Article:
Michelle Obama has always held herself with grace and style, and now, a little bling. It appears the former first lady has gotten a sparkly engagement ring upgrade.
Michelle, who recently celebrated her 26th wedding anniversary with Barack Obama, tied the knot in October 1992 with a yellow gold engagement ring set with a solitaire and a matching wedding band. But, as Us Weekly notes, in recent months, the ring Obama has been sporting looks very different. The new engagement ring appears to be a sizable square diamond set on a band of smaller diamonds, paired with a fully encrusted wedding band.
We don’t know exactly when this new sparkler popped up, or more importantly why, but the transition from the old ring to the new one seemed to start in 2017, toward the end of her husband’s presidency. Early that year she was sporting a single, thicker band on her ring finger, and in 2018 it seems she started wearing a new rock.
Here is her old look:
Here is her ring at her husband's farewell address in January of 2017:
And here is her ring at the 2018 American Library Association Annual Conference in June of 2018:
The new bling, it seems, did come just in time for Obama's new book tour. The multi-city tour for Michelle's memoir Becoming kicked off this week, leading the former First Lady to open up about her private life. She's discussed her time in the White House, her struggles with fertility and even problems in her marriage. In Elle magazine's December cover story Obama also told Oprah Winfrey about why she and Barack went to marriage counseling.
"When you get married and have kids, your whole plan, once again, gets upended. Especially if you get married to somebody who has a career that swallows up everything, which is what politics is," Obama said.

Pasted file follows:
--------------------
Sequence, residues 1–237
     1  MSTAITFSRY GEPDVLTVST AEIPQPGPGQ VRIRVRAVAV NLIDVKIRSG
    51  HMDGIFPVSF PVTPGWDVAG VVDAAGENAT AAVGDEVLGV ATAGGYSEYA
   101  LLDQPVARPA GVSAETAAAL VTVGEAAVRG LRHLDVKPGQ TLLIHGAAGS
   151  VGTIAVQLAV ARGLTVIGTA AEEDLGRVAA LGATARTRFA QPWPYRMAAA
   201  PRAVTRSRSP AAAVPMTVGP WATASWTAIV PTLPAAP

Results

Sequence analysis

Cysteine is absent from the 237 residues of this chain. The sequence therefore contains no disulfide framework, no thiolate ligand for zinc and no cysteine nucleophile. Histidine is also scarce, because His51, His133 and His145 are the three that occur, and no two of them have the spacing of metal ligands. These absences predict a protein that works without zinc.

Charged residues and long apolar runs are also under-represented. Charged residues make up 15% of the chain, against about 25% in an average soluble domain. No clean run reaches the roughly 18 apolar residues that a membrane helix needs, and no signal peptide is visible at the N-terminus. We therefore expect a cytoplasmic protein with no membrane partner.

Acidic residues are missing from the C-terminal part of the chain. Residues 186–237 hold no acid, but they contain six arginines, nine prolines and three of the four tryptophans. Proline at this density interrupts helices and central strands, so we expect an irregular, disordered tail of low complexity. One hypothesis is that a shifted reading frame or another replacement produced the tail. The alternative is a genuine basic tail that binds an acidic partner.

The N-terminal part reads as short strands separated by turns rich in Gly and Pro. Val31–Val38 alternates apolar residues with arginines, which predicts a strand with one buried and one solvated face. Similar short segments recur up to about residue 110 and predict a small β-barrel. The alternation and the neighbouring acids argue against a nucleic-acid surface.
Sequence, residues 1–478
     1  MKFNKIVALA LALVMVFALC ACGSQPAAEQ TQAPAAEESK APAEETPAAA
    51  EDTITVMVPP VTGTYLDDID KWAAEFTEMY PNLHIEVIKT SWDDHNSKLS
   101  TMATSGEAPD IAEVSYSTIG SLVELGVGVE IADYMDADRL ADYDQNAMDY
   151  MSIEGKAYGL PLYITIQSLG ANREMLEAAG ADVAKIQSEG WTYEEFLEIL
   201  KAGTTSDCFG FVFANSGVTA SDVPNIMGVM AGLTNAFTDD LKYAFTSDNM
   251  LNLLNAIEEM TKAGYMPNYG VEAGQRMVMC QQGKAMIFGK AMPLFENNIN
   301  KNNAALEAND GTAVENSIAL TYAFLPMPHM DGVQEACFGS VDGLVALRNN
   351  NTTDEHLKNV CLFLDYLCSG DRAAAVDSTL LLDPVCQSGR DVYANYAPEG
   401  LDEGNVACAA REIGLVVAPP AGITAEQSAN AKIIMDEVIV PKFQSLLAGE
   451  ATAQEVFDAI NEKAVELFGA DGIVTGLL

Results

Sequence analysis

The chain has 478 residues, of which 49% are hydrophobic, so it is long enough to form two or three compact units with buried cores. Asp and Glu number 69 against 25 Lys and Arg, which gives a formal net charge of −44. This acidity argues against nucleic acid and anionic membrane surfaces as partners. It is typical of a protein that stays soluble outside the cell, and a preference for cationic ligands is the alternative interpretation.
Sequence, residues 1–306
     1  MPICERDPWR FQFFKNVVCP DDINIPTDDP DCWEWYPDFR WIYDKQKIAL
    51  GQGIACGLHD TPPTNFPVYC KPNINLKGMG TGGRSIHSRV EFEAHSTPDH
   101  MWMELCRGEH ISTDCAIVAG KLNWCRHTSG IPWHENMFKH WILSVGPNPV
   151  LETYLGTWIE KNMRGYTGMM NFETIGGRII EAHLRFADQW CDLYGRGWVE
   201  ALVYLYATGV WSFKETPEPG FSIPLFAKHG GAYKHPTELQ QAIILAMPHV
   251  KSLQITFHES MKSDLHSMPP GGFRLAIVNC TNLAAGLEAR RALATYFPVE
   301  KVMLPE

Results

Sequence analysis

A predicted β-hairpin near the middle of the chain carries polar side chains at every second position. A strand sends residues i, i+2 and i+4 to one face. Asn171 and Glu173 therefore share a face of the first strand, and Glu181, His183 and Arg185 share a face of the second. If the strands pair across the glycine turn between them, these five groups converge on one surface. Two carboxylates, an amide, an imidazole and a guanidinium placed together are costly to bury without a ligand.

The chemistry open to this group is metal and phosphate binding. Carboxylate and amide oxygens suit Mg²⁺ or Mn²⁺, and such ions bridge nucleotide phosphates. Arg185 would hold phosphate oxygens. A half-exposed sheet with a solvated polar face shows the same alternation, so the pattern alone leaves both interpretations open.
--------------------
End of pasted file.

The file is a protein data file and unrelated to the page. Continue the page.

When her husband began traveling between Washington and Springfield, and she was trying to keep things together at home with their daughters Sasha and Malia, the couple decided to try counseling.
"Well, you go because you think the counselor is going to help you make your case against the other person. 'Would you tell him about himself?!' And lo and behold, counseling wasn’t that at all," she said. "It was about me exploring my sense of happiness. What clicked in me was that I need support and I need some from him. But I needed to figure out how to build my life in a way that works for me."
She continued, "I feel vulnerable all the time. And I had to learn how to express that to my husband, to tap into those parts of me that missed him—and the sadness that came from that—so that he could understand. He didn’t understand distance in the same way. You know, he grew up without his mother in his life for most of his years, and he knew his mother loved him dearly, right? I always thought love was up close. Love is the dinner table, love is consistency, it is presence. So I had to share my vulnerability and also learn to love differently. It was an important part of my journey of becoming. Understanding how to become us."